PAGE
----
Migrants Face Winter In Belgrade
More than 1500 people are living in bleak conditions in one of the warehouses near the train station, Jan. 17, 2017 in Belgrade, Serbia. Awakening—Barcroft Media/Getty Images

Refugee Children Face Beatings and Subzero Temperatures as They Are Pushed Back Into Serbia

Jan 24, 2017

Authorities in Croatia and Hungary are illegally pushing refugee and migrant children back into Serbia, often violently, Save the Children alleged Tuesday.

The group estimated that 1,600 such cases — 30 incidents per day — have taken place in the past two months. Children, some as young as 8 years old, have reported beatings by police and smugglers, dog bites and sleeping outside in subzero weather.

Serbia isn't a European Union member state but has become a focal point of the European migrant crisis, since an E.U.-Turkey deal last year aimed at restricting the arrival of migrants by boat, forced many to take a more dangerous route overland through the Balkans. Migrants have been making their way north through Serbia in order to reach E.U. bloc members Hungary and Croatia in the hopes of moving farther west into Europe.

Save the Children said that as many as 100 refugees and migrants are arriving in Serbia every day, and in the capital, Belgrade, more than 1,000 people are sleeping rough in a warehouse near the train station in temperatures as low as 5°F (–15°C). Around 46% of the new arrivals in Serbia are children, the charity said, and among those, up to one-fifth are making the journey to Europe unaccompanied.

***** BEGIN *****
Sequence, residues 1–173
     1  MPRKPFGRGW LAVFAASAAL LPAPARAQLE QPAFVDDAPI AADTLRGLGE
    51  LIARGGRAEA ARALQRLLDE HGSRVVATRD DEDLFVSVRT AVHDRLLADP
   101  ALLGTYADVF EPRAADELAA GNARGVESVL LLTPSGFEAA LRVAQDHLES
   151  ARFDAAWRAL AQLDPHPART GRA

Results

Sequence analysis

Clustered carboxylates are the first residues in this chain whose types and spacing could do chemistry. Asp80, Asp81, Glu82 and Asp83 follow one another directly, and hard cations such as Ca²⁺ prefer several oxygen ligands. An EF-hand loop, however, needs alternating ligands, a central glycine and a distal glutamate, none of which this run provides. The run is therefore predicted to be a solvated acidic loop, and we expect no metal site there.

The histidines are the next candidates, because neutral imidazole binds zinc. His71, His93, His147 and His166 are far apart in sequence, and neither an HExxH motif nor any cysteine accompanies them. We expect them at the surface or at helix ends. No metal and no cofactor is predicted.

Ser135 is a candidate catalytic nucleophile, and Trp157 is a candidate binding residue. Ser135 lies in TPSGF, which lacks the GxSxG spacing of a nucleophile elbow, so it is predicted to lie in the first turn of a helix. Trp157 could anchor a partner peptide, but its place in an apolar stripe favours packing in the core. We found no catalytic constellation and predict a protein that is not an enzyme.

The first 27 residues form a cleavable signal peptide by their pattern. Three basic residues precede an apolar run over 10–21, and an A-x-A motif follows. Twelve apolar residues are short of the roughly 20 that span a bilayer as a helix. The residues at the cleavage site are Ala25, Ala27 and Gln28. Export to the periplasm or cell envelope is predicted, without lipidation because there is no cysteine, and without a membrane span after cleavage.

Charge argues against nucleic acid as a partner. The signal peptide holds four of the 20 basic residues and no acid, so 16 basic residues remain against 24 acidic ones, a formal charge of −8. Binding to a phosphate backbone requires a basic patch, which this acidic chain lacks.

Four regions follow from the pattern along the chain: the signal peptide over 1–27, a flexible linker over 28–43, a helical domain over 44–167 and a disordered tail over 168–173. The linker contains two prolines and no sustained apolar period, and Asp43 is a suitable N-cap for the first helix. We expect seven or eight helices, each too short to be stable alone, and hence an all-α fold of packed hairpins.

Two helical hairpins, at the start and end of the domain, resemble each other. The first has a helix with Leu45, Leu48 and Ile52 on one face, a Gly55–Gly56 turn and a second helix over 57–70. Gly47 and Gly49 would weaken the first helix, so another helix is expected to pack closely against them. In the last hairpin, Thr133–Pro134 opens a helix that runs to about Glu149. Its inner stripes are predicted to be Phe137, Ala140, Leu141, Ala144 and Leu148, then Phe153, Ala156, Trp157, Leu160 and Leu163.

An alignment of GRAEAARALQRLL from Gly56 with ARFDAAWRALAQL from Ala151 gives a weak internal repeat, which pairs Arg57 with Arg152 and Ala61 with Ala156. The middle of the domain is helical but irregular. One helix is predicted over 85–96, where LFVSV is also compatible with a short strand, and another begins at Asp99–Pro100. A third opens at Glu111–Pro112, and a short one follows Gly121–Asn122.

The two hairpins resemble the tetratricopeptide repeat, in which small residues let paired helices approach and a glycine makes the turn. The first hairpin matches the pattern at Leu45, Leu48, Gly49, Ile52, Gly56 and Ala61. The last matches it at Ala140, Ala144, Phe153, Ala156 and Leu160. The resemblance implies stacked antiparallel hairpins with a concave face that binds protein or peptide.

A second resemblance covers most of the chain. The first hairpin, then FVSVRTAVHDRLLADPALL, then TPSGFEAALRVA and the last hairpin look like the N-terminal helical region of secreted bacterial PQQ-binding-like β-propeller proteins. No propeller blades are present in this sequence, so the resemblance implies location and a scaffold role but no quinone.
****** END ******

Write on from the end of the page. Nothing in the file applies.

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“In truth the refugee crisis has not abated. It’s simply a more dangerous route, especially for children," said Jelena Besedic, Save the Children’s advocacy manager in Serbia. "The E.U.-Turkey deal has given smugglers a firmer grip on a hugely profitable business, incorporating increasingly dangerous tactics to circumvent authorities."

While Serbia has provided official asylum centers, Save the Children said that many migrants are fearful of detention or deportation. Sleeping rough, many migrants are vulnerable to people smugglers, and health services have reported cases of frostbite and respiratory illnesses caused by people burning trash to keep warm.

Médecins Sans Frontières warned that the city "risks becoming a dumping zone, a new Calais where people are stranded and stuck,"according to the Guardian.

Save the Children is calling on the E.U. and Serbian authorities to direct more resources, including funding and emergency shelters, to help those on the migrant route.

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